IRF-News So after two or three generations of small island systems studies, this is the best we can do?

Bruce, It is said that adult development is based on experiential learning, and as you noted many years ago in a somewhat different context, we have experienced more than we have learned. It is sad that we seem to be unable — across countries, cultures or organizations — to foster cumulative learning — may be the Tea Party radio talk show hosts are right — we are nation of “low information voters.” On that depressing note I will go back to watching the nightly news.Ron
On Jun 11, 2014, at 3:40 PM, ‘Bruce G. Potter’ bpotter [irf-members-news] wrote:

This from “Mr. Wu’s Blog” on the official United Nations SIDS2014 web site at <>. This web site brings together most of the UN background information in preparation for the Third Conference on Small Island Developing States, which will be held in Apia, Samoa, 1 to 4 September, 2014.

Another issue on the SIDS2014 web site of probable interest to IRF supporters would be the “SIDS Partnerships Briefs” — perhaps one such partnership could be promoted to increase the velocity of transfer of academic research and information about critical small island conditions (such as unique economic constraints) for policy making application.

Thought it interesting . . . . I look forward to future analyses of other aspects of small island life.

Mr. Wu’s Blog on Economic Vulnerabilities

Much of the attention to SIDS has been directed to ecological vulnerabilities of SIDS. Indeed, to a significant extent it is these inherent and particular vulnerabilities that make for the special case of sustainable development of SIDS. However, as I remarked at the launch of the International Year of SIDS in February this year, what has received less attention is that these inherent vulnerabilities often exacerbate other social, economic and environmental problems. Here I would like to elaborate on some of the economic vulnerabilities. As indicated in the name of their grouping, SIDS are characterized by smallness. This feature gives rise to economic disadvantages, including narrow resource base and dependence on a limited number of goods and services for exports, high import dependence, small domestic markets, dependence on export markets, and limited ability to achieve economies of scale.

Coastal and marine resources, for example, are the main sources of economic activities and livelihoods for most SIDS. Tourism contributes to more than half of the GDP in some SIDS; in the Caribbean region, tourism generates over $25 billion in annual revenues, accounting for a quarter of the regional GDP and six million jobs. But this heavy dependence on tourism is often impacted by natural disasters and the vicissitudes of the global economy. Today – nearly six years after the onset of the world financial crisis – SIDS are still dealing with its fallout.

The decline in tourism in the aftermath of the global financial crisis contributed to the increase in public indebtedness of SIDS. The high import prices of food, fuel and other commodities have worsened their public debt ratios. As a result, a number of SIDS have debt burdens in excess of their GDPs, with more than 20% of government revenues allocated for debt servicing. Among other effects, high debt burdens constrain SIDS governments’ fiscal space, reduce their essential public expenditures and erode their abilities to invest in physical and social capital.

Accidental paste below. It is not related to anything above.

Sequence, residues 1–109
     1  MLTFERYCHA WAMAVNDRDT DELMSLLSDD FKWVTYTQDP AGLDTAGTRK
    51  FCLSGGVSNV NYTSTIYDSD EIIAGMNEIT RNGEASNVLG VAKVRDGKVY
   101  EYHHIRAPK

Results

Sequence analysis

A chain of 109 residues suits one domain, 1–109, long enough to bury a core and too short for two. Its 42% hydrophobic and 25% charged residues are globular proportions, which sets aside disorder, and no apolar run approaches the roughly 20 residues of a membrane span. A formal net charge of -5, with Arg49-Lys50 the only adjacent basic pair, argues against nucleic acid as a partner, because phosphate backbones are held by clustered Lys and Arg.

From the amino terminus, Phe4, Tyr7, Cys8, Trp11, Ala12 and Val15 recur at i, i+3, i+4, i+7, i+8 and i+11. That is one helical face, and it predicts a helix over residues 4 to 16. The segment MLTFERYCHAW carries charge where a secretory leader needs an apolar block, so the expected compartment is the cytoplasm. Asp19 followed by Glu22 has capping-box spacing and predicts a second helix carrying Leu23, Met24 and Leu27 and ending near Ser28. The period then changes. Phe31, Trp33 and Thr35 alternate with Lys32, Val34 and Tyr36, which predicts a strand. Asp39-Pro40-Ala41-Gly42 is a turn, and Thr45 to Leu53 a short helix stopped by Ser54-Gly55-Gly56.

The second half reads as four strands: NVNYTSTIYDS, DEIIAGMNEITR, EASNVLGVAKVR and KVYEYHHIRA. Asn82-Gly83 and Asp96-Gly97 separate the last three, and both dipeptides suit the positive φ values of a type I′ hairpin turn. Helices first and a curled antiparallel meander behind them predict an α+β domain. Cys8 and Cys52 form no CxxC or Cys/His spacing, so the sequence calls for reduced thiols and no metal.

Recognizing that economic growth has stalled in SIDS, Member States, in the ongoing consultations on the outcome document of the SIDS Conference, have emphasized the importance of achieving higher economic growth.

Wu Hongbo
UN DESA’s Under-Secretary-General & Secretary-General for the Third International Conference on SIDS


Remoteness is another defining characteristic of SIDS that leads to economic disadvantages, especially in terms of transport and communication and access to world markets. Many SIDS face relatively higher transport costs, as they are often excluded from main air and sea transport routes, requiring relatively small and fragmented cargo deliveries. This in turn results in higher per-unit costs, eroding their economic competitiveness. Remoteness from the main trade routes also gives rise to delays in transport services. Moreover, SIDS have to contend with high energy dependence, which absorbs a significant amount of their export earnings. With rising oil prices, fuel import bills represent up to 20 percent of annual imports of SIDS, and between 5 to 20 percent of their GDP.

An expert group convened by UNCTAD two years ago demonstrated through evidence-based studies that SIDS are significantly more vulnerable to external shocks with economic consequences; they are considerably more exposed to oil price-related shocks; and their economies are structurally more vulnerable to climate change effects.

Recognizing that economic growth has stalled in SIDS, Member States, in the ongoing consultations on the outcome document of the SIDS Conference, have emphasized the importance of achieving higher economic growth. They are deliberating on a broad range of measures in support of SIDS economies, many of which address the problems I have highlighted here.


About Bruce

Work for sustainable development of small islands and the Chesapeake Bay; ex-Peace Corps (Volunteer and staff) in LA & Caribbean; cruised Caribbean on S/Y Meander for three years; like small tropical islands, French canals, Umbria, Tasmania, and NZ. Married 52 years to the late Kincey Burdett Potter (see President of the now-sunsetting Island Resources Foundation.
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